While the translated picture-book market cannot, probably, be said to be “booming,” there is no question that it is relatively healthy, with the increased presence on our shores of publishers such as NubeOCHO (Spain), Clavis (Belgium and the Netherlands), Little Gestalten (Germany), and Museyon (Japan) augmenting the efforts of committed U.S. and Canadian publishers including Eerdmans, Enchanted Lion, and Owlkids to bring works from overseas to young North American readers.
But the same cannot be said for middle-grade books in translation. 2018 brought just enough to count on one hand. Of this tiny handful, two are standouts: the ebullient Ivorian-French graphic compilation Akissi, by Marguerite Abouet, illustrated by Mathieu Sapin and translated from the French by Judith Taboy and Marie Bédrune; and Tortot, the Cold Fish Who Lost His World and Found His Heart, by Benny Lindelauf, illustrated by Ludwig Volbeda and translated by Laura Watkinson.
Akissi pulls together episodes from a long-running French comics series, taking readers to the vibrant streets of Abidjian, where the title character finds herself no end of opportunities for delicious mischief. Whether she’s accidentally beaning her grandmother with a coconut, cultivating a mouse as a pet, or rescuing a sheep that’s fallen off the top of a minibus, Akissi’s adventures are utterly unlike any chronicled by U.S. graphic novelists—but her spirit will be recognizable to everyone who loves Ramona or Clementine.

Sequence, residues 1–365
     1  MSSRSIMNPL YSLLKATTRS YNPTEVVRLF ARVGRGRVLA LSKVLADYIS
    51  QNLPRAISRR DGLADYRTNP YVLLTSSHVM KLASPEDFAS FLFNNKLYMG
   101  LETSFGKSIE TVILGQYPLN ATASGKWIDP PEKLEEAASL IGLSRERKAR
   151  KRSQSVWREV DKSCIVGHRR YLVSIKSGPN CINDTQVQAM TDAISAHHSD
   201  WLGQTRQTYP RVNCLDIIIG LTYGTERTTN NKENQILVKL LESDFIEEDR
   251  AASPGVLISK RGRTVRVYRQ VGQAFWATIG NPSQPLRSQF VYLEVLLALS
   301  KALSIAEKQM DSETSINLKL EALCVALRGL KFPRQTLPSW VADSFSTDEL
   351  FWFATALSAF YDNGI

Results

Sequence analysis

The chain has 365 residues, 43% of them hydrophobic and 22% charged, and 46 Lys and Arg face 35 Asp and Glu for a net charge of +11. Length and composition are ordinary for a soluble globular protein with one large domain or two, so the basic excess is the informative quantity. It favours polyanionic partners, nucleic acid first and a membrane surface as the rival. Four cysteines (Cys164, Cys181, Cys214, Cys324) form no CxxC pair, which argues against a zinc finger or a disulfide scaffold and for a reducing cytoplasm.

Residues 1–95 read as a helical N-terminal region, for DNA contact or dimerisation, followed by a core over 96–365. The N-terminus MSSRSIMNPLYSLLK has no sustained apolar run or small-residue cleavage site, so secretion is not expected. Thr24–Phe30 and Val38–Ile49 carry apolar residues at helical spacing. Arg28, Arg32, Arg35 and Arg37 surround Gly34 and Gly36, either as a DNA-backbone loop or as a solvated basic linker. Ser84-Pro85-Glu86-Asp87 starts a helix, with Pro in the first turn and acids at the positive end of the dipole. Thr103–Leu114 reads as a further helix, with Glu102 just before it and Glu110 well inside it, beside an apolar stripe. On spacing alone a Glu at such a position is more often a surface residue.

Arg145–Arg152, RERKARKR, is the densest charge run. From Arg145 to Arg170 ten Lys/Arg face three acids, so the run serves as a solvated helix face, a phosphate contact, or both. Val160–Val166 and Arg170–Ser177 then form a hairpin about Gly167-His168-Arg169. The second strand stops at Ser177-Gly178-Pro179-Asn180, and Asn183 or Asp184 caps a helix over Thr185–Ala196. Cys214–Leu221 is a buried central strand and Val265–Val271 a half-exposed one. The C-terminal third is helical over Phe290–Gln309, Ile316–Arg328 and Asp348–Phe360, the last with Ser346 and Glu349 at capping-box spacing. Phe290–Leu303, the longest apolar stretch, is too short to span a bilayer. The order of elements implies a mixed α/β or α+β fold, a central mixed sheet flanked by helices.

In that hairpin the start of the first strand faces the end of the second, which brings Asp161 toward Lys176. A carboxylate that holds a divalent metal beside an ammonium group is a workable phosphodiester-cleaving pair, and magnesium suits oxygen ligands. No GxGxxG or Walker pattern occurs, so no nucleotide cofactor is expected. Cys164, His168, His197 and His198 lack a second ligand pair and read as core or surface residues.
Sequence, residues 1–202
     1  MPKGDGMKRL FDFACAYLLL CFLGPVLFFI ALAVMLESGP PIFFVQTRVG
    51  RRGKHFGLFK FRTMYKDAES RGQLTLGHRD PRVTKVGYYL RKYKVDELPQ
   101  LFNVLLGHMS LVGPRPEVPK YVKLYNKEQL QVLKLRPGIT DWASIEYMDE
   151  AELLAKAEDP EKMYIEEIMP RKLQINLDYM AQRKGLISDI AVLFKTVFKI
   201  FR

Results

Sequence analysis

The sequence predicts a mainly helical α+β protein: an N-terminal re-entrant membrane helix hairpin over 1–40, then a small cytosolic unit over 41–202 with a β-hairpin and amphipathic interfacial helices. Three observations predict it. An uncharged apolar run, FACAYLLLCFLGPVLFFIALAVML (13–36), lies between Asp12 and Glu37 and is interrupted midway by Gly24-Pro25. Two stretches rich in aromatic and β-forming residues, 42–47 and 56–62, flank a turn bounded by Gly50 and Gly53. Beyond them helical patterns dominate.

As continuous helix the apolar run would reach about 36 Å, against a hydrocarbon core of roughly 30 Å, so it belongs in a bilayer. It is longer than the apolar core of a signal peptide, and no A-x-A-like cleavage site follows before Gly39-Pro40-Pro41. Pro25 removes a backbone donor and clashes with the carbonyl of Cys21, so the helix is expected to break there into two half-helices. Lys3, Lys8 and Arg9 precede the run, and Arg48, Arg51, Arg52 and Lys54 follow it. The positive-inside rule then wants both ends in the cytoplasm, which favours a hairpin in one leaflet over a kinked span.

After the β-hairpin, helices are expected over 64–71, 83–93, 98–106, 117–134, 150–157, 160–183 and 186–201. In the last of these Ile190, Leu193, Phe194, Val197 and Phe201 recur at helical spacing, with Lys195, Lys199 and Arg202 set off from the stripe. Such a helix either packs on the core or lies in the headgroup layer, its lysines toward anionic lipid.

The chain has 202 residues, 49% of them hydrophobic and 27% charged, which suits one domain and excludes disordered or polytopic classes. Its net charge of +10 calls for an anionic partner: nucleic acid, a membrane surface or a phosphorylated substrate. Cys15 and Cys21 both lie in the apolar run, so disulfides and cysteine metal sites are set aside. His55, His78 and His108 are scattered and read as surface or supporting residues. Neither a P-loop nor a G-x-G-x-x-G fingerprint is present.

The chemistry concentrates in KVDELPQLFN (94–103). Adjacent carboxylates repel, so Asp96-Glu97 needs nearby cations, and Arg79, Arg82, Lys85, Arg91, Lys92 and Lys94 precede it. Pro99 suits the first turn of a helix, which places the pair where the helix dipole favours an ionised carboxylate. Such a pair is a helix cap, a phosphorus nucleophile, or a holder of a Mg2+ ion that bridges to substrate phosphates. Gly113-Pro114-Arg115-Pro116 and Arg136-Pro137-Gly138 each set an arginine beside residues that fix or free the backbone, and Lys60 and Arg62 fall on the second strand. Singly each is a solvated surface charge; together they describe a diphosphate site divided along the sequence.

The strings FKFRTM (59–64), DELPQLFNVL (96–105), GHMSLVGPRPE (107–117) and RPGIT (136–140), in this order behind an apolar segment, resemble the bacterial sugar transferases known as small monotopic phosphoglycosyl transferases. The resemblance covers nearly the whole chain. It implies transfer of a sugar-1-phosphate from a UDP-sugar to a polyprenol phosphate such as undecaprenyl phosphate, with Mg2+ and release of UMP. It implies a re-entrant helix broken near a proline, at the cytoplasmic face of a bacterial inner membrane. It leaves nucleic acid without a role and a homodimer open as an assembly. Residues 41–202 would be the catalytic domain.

Lindelauf’s loopy anti-war fable features the titular “cold fish,” an army field cook whose cuisine is as divine as his soul is misanthropic. Caught up in a senseless war that, when won, morphs into an even more senseless one, Tortot’s only loyalty is to his craft and his donkey—until a hapless soldier, critically maimed, takes up residence in a gherkin barrel and leads Tortot back to his humanity. It’s a passionate, sardonic plea for peace in absurd times.
Both offer North American middle graders valuable insights into cultures not their own, but they are not enough. How about two handfuls next year? Vicky Smith is the children’s editor.